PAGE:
Other important changes within the workplace have been the introduction of a team of 25 advocates, who help to raise awareness across the business. “One of the biggest challenges we face as a big organisation is ensuring people know the extent of the support we provide. So it’s helpful if you’ve got a group of people that can help to spread that word,” Winters adds. Menopause is also now a recognised reason for absence reason, which she claims makes people feel more comfortable about taking time off work if they need to.

The business has also partnered with Peppy, an employee wellness app, that offers specialist support for people going through the menopause. Winters claims that many women are not getting the clinical support they need. “As a responsible employer, it’s up to us to fill that gap,” she explains. Some 750 Santander employees currently use Peppy’s mobile services.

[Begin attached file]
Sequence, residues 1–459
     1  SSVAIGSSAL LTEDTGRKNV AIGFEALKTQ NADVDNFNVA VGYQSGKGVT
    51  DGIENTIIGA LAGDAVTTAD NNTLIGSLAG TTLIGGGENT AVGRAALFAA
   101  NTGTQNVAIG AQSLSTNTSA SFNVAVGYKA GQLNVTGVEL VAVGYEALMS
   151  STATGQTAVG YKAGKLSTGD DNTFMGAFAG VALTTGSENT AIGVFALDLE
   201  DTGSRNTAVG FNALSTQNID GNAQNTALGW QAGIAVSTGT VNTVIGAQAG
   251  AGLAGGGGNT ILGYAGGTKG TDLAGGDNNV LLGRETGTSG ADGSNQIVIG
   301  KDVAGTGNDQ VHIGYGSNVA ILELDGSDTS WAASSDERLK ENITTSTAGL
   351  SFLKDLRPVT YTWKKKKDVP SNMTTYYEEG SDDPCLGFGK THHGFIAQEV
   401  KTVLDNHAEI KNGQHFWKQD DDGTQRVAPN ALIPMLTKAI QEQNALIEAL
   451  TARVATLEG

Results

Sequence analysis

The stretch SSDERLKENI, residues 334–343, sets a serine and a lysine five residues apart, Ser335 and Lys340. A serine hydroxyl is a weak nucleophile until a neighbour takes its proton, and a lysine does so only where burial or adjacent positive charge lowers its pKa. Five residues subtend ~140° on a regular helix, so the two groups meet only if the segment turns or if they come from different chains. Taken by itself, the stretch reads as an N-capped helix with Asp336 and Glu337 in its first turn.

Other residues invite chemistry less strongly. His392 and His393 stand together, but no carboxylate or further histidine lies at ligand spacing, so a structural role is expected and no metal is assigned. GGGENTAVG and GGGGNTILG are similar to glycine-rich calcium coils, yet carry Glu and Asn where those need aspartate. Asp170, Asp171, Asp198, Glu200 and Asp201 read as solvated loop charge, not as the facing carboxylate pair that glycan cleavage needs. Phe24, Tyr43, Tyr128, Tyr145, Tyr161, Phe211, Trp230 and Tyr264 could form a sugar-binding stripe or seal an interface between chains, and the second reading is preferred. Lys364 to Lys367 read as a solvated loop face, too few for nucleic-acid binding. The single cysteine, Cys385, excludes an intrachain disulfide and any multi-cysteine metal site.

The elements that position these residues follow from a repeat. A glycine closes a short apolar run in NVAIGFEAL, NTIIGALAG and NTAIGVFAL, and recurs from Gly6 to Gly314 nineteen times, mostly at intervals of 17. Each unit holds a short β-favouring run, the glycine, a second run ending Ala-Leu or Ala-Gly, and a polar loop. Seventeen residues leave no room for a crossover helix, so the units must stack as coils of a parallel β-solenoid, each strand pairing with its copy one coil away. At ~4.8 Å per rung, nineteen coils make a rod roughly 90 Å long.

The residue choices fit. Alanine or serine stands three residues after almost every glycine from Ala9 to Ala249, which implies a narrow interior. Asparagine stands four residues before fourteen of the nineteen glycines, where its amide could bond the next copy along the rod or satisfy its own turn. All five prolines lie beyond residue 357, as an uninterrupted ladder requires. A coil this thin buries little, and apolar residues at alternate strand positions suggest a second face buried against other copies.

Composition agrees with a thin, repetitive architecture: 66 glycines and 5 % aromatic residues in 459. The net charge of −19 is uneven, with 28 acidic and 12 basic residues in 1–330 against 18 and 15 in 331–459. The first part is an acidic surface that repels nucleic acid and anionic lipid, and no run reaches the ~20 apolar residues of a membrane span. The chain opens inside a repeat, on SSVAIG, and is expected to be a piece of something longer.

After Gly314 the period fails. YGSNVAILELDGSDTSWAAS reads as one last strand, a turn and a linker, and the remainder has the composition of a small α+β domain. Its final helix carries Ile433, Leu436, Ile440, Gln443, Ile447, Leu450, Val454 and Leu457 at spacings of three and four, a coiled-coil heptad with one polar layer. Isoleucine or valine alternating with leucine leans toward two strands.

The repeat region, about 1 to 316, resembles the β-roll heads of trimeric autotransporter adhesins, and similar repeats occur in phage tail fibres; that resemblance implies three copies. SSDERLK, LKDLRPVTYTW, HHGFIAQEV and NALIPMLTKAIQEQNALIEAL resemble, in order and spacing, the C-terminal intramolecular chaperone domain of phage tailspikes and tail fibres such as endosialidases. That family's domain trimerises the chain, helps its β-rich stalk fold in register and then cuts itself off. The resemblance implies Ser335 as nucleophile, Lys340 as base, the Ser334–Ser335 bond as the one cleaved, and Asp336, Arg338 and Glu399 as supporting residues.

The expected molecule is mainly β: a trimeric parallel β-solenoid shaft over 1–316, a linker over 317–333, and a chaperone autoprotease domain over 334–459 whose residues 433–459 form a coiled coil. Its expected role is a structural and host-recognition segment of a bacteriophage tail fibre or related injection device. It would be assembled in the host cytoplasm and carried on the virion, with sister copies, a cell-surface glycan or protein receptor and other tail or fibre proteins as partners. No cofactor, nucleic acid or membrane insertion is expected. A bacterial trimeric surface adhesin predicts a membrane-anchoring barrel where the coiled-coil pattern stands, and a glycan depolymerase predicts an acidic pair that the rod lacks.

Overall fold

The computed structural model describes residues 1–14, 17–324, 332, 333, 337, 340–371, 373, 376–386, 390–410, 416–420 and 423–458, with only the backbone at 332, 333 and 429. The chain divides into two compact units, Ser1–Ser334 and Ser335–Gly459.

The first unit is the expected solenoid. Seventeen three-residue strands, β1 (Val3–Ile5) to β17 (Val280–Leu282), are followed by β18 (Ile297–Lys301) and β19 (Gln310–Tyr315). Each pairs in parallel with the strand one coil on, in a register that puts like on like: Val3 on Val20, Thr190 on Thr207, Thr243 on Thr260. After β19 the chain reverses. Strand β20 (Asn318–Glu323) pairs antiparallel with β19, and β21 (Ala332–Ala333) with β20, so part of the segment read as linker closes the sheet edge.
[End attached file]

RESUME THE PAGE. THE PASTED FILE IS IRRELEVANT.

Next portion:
Many businesses are overlooking menopause support

Although four years have passed since Santander introduced its menopause support, there are still very few employers that offer similar benefits. Analysis of 25.9 million job ads listed on jobs site Adzuna found that only 312 listed menopause support as a perk in 2023. It was not mentioned by any employer in job ads in the prior three years. Government ministers also blocked proposals to make menopause a “protected characteristic” under Equality Act, earlier this year, for fears it would discriminate against men.